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Research Group 4: Inverse Problems

Secretariat
Kollegiengebäude Mathematik (20.30)
Room 1.041

Address
Institute for Applied and Numerical Mathematics
Englerstr. 2
D-76131 Karlsruhe

Office hours:
Mo.-Fr. 11:00-12:00 am and 1:00 - 3:00 pm

Tel.: +49 721 608 42051

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Research Areas

Direct and Inverse Scattering Problems

Work Group Inverse Problems
Prof. Dr. A. Kirsch, Dr. T. Arens, PD. Dr. F. Hettlich

Scattering problems

Wave phenomena occur in various situations for instance as acustic waves at sound sources, as electromagnetic waves in tele communications or as elastic waves propagating from earthquakes. A common feature of all of these waves is, that they will be scattered, absorbed and/or transmitted by different media, by scattering objects'.

The mathematical modelling is done by partial differential equations like the wave equation
U_{tt}(x,t)= c\,\Delta U(x,t),
with spatial variable x and time variable t. A plane monochromatic wave with frequency \omega>0 and incident direction \hat{\theta} has the form
 U^{ein}(x,t;\hat{\theta})\ =\cos(kx\cdot\hat{\theta}-\omega t)\ =\ \Re e^{i(kx\cdot\hat{\theta}-\omega t)}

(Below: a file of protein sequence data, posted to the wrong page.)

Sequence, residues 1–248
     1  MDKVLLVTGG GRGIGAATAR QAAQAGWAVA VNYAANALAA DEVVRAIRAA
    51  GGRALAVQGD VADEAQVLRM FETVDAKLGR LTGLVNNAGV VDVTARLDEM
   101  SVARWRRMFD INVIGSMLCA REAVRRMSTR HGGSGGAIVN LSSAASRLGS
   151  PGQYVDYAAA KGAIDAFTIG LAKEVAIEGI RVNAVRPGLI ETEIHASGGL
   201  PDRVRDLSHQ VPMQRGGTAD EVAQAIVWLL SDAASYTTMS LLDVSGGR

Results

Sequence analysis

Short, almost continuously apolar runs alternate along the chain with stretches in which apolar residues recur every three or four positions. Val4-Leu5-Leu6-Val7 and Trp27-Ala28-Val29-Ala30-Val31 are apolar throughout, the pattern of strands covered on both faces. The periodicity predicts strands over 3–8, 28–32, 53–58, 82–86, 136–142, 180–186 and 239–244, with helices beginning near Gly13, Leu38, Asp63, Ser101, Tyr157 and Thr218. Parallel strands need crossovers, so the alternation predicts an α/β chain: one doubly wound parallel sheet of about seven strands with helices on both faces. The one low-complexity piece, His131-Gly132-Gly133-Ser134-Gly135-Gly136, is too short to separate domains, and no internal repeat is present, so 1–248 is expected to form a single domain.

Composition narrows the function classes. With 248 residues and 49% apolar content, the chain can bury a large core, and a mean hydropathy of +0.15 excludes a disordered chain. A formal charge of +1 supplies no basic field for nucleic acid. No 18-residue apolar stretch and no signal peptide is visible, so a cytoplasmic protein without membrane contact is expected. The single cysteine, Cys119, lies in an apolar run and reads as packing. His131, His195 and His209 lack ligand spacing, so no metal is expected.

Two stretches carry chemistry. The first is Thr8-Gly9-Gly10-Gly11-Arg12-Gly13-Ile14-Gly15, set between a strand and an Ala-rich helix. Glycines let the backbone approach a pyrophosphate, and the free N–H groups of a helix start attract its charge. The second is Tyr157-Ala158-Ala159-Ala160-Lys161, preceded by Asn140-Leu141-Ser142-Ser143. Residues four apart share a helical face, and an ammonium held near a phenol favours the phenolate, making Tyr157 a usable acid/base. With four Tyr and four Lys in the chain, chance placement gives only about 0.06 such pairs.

where k=\omega/c denotes the wave number and c>0 the velocity in the medium.

The scattering of U^{ein} leads to a scattered field U^s=U^s(x,t;\hat{\theta}) and the total field U=U^{ein}+U^s as a superposition of the incident and the scattered wave. If the scattering obstacle is constant in time, it holds
 U^s(x,t;\hat{\theta})\ =\ \mathrm{Re}\left[u^s(x;\hat{\theta})\,e^{-i\omega t}\right],\quad U(x,t;\hat{\theta})\ =\ \mathrm{Re}\left[u(x;\hat{\theta})\,e^{-i\omega t}\right],
where u^s and u satisfy the reduced wave equation, or Helmholtz equation \Delta u\ +\ k^2u\ =\ 0, in the exterior of the scattering obstacle. Assuming a bounded scattering object the scattered field will be of the asymptotic form
 \displaystyle u^s(x;\hat{\theta})\ \approx\ \frac{\exp(ikr)}{4\pi\,r}\,u^\infty(\hat{x};\hat{\theta})
in large distance to the obstacle. Here r=|x| and \hat{\theta}=x/|x| denote the polar coordinates of x.